Adventures in retrocomputing: Restoring a vintage Commodore 64.

May 18 2020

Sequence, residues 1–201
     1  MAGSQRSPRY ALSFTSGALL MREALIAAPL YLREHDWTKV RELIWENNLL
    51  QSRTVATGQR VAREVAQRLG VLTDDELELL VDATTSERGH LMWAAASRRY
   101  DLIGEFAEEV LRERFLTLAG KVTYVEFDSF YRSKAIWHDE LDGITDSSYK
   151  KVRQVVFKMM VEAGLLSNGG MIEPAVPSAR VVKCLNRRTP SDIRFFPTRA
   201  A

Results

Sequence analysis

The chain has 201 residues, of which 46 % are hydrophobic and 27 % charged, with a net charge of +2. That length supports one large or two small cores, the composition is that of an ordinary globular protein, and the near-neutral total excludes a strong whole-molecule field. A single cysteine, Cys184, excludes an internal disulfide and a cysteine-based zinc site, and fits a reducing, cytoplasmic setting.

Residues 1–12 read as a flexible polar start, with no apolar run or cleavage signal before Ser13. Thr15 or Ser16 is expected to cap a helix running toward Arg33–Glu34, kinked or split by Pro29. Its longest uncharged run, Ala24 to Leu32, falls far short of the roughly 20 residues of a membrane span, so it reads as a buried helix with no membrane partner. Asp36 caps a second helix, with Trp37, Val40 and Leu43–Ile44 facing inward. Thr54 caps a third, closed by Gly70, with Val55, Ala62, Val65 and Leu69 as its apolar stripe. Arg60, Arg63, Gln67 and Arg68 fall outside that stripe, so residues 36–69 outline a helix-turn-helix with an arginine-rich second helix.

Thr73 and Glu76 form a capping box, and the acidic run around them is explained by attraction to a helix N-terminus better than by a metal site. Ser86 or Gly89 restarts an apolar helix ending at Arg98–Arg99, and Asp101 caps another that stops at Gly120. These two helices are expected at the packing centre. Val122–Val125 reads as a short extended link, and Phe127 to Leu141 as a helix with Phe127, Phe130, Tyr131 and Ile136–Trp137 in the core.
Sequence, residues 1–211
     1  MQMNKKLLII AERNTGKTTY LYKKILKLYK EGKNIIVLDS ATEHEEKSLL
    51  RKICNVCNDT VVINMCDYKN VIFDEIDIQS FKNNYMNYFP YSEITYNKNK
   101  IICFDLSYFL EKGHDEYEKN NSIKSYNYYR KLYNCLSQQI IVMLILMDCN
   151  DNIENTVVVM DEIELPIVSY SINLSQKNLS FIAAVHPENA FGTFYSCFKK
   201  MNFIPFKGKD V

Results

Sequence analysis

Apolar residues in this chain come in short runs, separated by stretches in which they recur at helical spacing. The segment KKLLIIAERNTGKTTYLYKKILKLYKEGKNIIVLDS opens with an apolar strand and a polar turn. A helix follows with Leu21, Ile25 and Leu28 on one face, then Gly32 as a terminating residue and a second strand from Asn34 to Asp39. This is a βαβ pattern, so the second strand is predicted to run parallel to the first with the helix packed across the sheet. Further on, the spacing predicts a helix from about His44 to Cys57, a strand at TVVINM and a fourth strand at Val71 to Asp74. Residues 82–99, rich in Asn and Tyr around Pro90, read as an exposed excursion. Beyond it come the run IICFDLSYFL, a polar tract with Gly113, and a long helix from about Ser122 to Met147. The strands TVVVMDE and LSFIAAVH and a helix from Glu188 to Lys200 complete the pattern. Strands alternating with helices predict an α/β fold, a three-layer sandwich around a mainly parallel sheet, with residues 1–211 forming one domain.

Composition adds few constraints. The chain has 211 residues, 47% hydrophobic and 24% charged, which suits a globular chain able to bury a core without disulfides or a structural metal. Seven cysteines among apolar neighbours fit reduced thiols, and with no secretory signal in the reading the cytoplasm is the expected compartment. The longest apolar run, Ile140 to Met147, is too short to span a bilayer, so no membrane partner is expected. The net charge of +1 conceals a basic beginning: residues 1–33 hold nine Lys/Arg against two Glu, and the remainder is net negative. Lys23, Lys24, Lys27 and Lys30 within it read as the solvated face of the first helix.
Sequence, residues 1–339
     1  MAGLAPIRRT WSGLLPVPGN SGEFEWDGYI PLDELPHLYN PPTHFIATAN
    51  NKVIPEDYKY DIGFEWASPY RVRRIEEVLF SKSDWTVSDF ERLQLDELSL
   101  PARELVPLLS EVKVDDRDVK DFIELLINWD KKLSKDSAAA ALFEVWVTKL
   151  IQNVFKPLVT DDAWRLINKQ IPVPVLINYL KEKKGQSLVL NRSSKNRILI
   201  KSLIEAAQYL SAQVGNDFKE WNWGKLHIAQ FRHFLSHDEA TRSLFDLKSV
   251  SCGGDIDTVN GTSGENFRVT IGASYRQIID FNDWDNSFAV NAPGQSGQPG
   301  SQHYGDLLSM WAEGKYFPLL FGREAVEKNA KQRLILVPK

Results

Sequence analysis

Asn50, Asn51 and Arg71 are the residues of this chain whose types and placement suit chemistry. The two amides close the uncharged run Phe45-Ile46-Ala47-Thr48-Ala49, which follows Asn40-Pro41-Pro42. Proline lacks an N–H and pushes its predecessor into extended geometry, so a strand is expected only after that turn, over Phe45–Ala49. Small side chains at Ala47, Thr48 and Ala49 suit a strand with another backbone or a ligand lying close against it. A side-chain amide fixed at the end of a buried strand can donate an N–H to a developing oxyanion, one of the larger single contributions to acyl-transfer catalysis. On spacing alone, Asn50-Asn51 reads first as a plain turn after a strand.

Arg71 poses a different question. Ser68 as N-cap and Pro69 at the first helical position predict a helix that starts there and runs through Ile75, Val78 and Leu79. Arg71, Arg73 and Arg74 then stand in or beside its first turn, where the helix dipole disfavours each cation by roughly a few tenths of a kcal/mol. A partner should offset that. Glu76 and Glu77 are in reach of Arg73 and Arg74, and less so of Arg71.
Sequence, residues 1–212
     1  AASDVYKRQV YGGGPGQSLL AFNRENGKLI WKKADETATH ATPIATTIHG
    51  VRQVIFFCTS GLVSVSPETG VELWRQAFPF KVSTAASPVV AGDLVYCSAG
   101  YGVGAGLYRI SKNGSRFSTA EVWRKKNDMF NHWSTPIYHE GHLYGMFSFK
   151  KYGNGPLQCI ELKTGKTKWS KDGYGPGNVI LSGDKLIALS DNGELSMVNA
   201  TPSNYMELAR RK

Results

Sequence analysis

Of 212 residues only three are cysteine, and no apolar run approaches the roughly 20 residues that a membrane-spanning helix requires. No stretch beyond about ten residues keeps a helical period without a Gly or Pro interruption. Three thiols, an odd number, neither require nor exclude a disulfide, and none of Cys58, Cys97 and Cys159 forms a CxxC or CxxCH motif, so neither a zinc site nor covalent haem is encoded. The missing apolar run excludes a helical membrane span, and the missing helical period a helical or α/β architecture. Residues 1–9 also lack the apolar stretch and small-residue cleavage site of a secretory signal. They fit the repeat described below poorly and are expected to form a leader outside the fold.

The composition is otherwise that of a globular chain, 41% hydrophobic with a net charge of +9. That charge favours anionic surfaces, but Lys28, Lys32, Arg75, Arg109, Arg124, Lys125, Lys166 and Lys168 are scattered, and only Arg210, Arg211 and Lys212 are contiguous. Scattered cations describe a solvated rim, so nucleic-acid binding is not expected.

You've probably been wondering where I've been since my last update in the latter half of April.  I mean, where would I reasonably go right now when most of the country is locked down and only a relatively small number of people with more memes running inside their heads than conscious processes are running around with mall ninja gear and weapons (some props, most unfortunately not) doing their damndest to cut the population by infecting everyone around them with covid-19?  Well.. when I haven't been working (as one does) I've been reconditioning my old Commodore-64 computer, the first computer I ever used as a kid.  I've been carrying it around with me just about everywhere I've moved but it's only recently that I've had the time to really do any messing around with it (for obvious reasons).  It has been a learning experience if nothing else, because much of my knowledge of how to do stuff on a 40 year old computer has faded and been overwritten as technology has progressed.  It's also given me a lot of appreciation for how much things have changed for the better since the days of LOAD "$",8 and LIST.  Computers may not come with their own programming languages anymore, but the ones we have are significantly more featureful, significantly cheaper (I vaguely recall seeing an advertisement for a C compiler in 1986 for the Commodore 64 for the low, low price of $275us or therabouts), and way more accessible thanks to the Web and open source software.